However, these occasional bureaucratic difficulties seem insignificant when compared to just how many people who fled the horrors of war, often spending several days on the road, ended up receiving safe housing and all the help they needed from their fellow citizens. Tragically, not everyone was so fortunate. Today in many Ukrainian cities, you can see the shelled cars of people who evacuated from the war zone. And many people did not manage to get to their destination at all, because Russian soldiers destroyed civilian vehicles and killed passengers.
Nevertheless, Ukrainians generally managed to help the first wave of IDPs, while simultaneously fighting back the invader.
How the dynamics of combat actions influenced the problems faced by IDPs
In March-April, there were changes in the dynamics of combat operations that affected IDP issues. On the one hand, the Ukrainian army completely liberated Zhytomyr, Kyiv, Chernihiv, and Sumy regions from the occupants in April. This allowed many people to return home, which is what they had been waiting for for more than a month. According to Kyiv mayor Vitaly Klitschko, as of May 10, there were already 2.5 million residents in Kyiv (2/3 of the number before the Russian invasion). The Ukrainian Armed Forces also pushed Russian troops north of Kharkiv, and after that, a large number of Kharkiv residents began to return home.
On the other hand, it became obvious that many IDPs would not be able to return in the near future. In Kyiv the scale of destruction was relatively low, but small towns and villages in regions of Northern Ukraine suffered to a great extent, and sometimes were destroyed almost entirely. Residents of Donetsk and Luhansk regions also cannot return home any time in the foreseeable future because the Russian army used a scorched-earth tactic: they destroyed settlements completely with artillery and aviation and tried to seize them with ground forces afterwards. The Ukraine-controlled settlements of the Mykolaiv, Zaporizhzhya, and Kharkiv regions are also under constant fire, and because of the shortage of heavy weapons, it is not clear when the occupied parts of these regions could be liberated.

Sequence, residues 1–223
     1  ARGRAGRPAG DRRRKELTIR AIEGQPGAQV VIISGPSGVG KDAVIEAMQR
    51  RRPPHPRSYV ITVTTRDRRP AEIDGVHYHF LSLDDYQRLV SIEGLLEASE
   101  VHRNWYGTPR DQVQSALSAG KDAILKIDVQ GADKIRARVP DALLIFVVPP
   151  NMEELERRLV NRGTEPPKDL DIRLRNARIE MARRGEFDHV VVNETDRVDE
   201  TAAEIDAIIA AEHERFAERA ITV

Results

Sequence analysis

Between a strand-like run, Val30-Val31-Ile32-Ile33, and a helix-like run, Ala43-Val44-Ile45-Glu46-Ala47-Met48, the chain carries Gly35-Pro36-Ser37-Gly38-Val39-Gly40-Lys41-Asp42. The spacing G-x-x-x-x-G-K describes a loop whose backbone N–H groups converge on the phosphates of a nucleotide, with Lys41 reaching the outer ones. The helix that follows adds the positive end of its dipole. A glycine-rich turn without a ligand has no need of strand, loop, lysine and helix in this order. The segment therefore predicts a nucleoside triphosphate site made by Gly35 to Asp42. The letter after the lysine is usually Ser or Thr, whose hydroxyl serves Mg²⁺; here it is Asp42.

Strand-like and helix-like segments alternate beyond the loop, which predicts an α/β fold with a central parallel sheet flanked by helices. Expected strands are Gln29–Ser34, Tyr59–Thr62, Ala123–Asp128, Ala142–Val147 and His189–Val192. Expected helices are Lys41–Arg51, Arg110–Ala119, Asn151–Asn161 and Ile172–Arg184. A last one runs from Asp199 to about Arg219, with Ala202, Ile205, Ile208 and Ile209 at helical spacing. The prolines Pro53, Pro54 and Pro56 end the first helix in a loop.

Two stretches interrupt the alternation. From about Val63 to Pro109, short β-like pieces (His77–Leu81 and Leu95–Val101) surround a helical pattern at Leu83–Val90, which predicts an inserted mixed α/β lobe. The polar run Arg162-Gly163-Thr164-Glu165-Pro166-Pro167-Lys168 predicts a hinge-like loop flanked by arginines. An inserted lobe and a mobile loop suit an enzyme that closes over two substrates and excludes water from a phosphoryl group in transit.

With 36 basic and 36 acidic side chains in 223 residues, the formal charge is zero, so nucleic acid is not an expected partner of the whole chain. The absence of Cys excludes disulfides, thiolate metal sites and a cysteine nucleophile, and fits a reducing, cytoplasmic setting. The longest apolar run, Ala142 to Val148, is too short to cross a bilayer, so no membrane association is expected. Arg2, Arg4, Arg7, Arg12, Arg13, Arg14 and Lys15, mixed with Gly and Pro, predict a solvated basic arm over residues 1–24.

It became clear in April-May that Ukraine was capable of effectively defending itself, but it lacked the firepower to expel the invaders from its territory completely. The war has begun to take on a long-term character. Many people are forced to change their place of residence for a long time.
In the first weeks of the invasion, the situation seemed extremely uncertain, and therefore, no one made plans for the future, not even for a few days ahead. People just cared about saving their lives here and today. However, now, after the initial shock has passed, and the basic short-term needs of IDPs were met, it is time to consider the long-term problems of IDPs.
What are the most important long-term problems faced by IDPs?
A study, conducted by the Democratic Initiatives Foundation with the support of the Friedrich Naumann Foundation, revealed that employment is perhaps the most important challenge that IDPs face. This makes sense, since employment allows people to have financial resources to satisfy other needs.